Once she was home, other reporters interviewed her about her ordeal. She told of subsisting on Kit Kat chocolate bars and Marlboro Lights, bathing by gathering water in huge trash cans, and powering her equipment by attaching jumper cables to a car battery, which she lugged up to her hotel room every night.
Garrels told Terry Gross, host of the NPR program “Fresh Air,” that she had not thought twice about staying in Baghdad. “My gut instinct told me I would be OK,” she said, in part because she worked with a very competent fixer.
She admitted to Gross that she had been worried at times about being taken hostage, but she said she was usually so exhausted at night that she “slept like a baby through the bombing.”
What really scared her, she said, was the thought of not telling a story as well as she wanted to. “I don’t write easily,” she said. “It’s a painful process.”
Years later, Garrels said in an NPR interview that while in Baghdad she had experienced a crucial journalistic reckoning. When the U.S. Marines and some Iraqis toppled a massive statue of Saddam Hussein, the country’s dictator, she quoted somber Iraqis saying that the arrival of U.S. troops had been humiliating and predicting that the Americans would soon be resented. By contrast, she said, the dominant images on television were of jubilant crowds cheering the fall of the statue.
Garrels’ editors in Washington were watching television and asked her if she wanted to revise her story, given the discordance between her words and the televised images. No, she told them, insisting that her interviews more accurately reflected the moment.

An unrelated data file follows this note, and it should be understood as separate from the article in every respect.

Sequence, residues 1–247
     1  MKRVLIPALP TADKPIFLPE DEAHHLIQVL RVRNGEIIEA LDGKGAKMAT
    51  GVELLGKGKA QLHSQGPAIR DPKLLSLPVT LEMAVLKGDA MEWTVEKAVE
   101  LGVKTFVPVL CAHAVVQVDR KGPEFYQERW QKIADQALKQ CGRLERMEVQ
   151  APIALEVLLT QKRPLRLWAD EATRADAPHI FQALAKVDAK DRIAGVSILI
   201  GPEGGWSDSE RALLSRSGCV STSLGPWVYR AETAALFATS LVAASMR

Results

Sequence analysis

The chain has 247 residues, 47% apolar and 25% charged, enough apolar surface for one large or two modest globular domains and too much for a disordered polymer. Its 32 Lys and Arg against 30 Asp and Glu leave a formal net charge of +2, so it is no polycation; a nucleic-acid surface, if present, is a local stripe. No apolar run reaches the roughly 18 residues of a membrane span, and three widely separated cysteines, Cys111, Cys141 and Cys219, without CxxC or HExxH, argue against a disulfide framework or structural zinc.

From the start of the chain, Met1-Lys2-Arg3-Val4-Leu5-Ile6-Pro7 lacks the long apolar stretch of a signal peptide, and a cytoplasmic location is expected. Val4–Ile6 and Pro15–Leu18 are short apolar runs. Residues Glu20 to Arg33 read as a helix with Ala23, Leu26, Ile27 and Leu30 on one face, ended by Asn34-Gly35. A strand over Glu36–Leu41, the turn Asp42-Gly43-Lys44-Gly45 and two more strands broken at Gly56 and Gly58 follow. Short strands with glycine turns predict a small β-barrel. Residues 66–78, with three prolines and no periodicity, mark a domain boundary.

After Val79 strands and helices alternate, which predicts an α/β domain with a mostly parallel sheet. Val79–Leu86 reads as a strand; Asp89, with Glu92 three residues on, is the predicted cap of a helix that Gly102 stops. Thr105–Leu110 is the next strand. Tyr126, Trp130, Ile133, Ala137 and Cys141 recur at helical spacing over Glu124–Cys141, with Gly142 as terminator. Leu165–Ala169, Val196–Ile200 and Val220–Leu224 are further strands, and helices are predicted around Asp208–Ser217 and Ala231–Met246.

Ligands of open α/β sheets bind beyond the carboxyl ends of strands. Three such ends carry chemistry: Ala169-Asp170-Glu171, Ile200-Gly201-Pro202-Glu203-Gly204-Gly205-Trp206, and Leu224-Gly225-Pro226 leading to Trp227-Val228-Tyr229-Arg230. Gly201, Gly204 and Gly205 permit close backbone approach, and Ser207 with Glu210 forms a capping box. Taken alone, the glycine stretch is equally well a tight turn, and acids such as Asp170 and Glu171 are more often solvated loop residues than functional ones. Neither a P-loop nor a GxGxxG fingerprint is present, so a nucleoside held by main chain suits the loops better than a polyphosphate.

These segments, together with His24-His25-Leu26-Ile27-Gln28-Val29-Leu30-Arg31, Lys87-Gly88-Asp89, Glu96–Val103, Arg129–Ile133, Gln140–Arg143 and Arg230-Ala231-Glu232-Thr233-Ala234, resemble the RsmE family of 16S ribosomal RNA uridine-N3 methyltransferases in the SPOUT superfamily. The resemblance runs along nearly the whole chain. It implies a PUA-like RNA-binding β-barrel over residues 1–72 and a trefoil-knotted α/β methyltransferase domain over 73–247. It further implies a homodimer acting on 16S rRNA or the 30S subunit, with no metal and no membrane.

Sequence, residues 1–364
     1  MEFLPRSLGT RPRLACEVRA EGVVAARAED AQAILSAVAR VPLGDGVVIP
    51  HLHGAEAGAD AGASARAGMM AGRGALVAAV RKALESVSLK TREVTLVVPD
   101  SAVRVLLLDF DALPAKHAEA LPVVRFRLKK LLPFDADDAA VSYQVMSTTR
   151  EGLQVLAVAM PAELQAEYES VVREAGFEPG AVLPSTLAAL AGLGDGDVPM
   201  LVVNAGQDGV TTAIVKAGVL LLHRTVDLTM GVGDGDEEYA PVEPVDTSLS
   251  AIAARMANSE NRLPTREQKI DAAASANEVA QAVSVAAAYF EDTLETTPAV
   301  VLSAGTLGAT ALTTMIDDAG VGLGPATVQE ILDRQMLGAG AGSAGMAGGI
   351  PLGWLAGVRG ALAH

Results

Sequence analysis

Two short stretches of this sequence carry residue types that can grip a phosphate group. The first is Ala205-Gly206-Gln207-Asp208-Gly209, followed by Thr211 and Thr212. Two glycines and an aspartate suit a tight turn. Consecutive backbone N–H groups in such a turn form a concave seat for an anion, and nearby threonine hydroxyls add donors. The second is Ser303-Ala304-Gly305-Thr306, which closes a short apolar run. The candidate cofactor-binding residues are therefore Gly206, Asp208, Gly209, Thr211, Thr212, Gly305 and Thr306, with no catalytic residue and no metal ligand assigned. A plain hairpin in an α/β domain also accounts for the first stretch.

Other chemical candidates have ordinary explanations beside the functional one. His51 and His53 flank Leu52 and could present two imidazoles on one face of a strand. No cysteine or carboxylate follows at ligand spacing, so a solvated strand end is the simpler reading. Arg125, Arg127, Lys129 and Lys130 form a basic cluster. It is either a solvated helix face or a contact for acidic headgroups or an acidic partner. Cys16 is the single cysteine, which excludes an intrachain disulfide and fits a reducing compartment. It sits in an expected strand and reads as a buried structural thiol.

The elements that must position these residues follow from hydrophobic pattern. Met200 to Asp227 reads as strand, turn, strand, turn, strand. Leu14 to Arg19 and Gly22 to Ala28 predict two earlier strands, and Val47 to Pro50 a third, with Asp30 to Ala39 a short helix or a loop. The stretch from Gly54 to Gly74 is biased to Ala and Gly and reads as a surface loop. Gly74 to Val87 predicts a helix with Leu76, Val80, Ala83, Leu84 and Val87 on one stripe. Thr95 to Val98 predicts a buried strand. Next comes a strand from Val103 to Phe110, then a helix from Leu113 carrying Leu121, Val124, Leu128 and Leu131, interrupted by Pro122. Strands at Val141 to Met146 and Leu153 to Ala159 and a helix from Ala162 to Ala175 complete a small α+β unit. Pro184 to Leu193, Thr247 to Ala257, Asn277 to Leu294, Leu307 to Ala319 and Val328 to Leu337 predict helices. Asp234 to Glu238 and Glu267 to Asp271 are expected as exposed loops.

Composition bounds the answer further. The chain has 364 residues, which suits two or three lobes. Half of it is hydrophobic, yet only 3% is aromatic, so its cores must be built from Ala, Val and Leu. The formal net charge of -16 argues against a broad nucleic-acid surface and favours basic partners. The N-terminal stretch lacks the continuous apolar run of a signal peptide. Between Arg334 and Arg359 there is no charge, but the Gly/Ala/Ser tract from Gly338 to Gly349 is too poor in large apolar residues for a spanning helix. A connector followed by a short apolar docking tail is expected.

Her version was borne out by other photojournalists on the ground and by an after-action report by the Army, which said that the Marines had more or less stage-managed the toppling of the statue with a small number of Iraqis in an otherwise empty square.
“That was probably one of the most important moments for me as a reporter,” she said, as it reinforced her instincts to trust her own reporting.
Her ability to find the deeper reality became a hallmark of her reporting.
In 2003 she received the George Polk Award “for enduring bombings, blackouts, thirst and intimidation to report from the besieged Iraqi capital of Baghdad.” The next year she was part of the NPR team that won the duPont-Columbia Award and a Peabody Award for its Iraq coverage.
Anne Longworth Garrels was born July 2, 1951, in Springfield, Massachusetts. Her father, John C. Garrels Jr., was an executive and later chair and managing director of Monsanto, the chemical company. Her mother, Valerie (Smith) Garrels, was a homemaker.
When Anne was about 8, the family moved to London for her father’s work. Anne attended St. Catherine’s School in Bramley, southwest of London, and then enrolled at Middlebury College in Vermont in 1968.